The racing game genre is all throttle and smoke. Good for the thrill of the arcade galleria but less so for anything more reflective. There’s no time for being pensive when there’s a hot rod on your tail and a countdown clock in your front view—that’s probably why the crowds of spectators in these games are given such little attention.
But that’s where Brazilian visual artist and photographer Leonardo Sang drifts in. If his series of artistic screenshots titled “backseats in videogames” is anything to go by, the key to finding the racing game genre’s more serene side is in freezing the action and brushing it with a black-and-white filter. Although, Sang speaks less prodigiously about his technique, explaining his discovery as simply being one of personal preference: “I think road trips should be in black&white.”
Road trips? Yes, while these screenshots are sourced from the fastest circuits and A-to-B rushes of the most lustrous revved up racers, particularly Project C.A.R.S. and WCR 3, Sang captures them using the language of the road trip. According to Sang, sitting us in the backseat brings focus less on the personnel of the vehicle, and more on enjoying the view ahead. In this, he finds the “lonesome roadtrip mood, where the journey inside the car is more emotional rather than arriving at the destination.”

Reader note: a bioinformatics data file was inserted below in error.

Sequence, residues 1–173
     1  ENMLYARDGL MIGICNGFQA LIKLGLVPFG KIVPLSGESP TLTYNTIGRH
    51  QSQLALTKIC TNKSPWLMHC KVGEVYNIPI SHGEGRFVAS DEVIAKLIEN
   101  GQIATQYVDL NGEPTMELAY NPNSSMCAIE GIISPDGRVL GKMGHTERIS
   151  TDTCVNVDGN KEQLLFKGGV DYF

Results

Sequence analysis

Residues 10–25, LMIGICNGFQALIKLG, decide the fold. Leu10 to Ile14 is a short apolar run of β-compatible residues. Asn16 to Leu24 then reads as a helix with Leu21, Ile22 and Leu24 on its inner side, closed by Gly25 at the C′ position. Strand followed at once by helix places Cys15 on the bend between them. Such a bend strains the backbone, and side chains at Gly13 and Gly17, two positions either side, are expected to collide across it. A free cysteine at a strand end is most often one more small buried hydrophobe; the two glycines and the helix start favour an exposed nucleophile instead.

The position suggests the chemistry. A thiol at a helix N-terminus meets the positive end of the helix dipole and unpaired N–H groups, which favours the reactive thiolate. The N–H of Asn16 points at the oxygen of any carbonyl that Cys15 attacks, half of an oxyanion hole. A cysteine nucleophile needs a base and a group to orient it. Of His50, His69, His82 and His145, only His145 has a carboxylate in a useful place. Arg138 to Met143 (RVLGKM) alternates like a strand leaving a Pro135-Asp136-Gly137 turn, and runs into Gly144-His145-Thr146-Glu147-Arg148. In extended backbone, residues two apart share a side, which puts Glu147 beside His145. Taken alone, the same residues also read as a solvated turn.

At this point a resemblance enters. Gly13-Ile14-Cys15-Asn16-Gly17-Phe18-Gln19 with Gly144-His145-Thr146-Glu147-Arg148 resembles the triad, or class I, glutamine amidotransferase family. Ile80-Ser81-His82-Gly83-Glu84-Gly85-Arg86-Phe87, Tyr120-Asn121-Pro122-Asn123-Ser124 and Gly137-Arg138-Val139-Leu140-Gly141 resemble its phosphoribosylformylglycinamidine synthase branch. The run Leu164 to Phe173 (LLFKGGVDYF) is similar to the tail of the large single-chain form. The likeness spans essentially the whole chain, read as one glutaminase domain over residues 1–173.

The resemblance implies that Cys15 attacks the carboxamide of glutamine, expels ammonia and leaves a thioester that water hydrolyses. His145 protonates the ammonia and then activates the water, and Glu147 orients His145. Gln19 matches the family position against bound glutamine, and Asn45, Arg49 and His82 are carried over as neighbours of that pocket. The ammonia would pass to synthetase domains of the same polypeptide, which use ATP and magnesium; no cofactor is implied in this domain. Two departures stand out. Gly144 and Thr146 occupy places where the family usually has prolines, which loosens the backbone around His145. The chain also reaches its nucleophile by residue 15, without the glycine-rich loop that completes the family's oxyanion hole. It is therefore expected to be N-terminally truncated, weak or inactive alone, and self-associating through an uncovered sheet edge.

And so we see speed dials and dashboard logos beaming back at us in the foreground. But more eye-catching, despite being in soft focus, is the view through the windscreen: forest tracks doused in each season’s weather, at least one cut through a city, but most common is a light-drenched horizon that suggests the car as a chariot, ascending a road towards a heavenly realm.
This series of screenshots is actually part of a larger project by Sang that he calls “Virtual Reality Photography.” His intent is to show that real-world photographic techniques can be applied just the same inside videogames. When composing these shots, Sang considers alignment, lines, and geometry as he would otherwise, but more towards an effort to be minimal and moody instead of sharing shots that are “impressive” or “stunning.” Still, sometimes it’s pure curiosity that leads to the most inspired of his shots.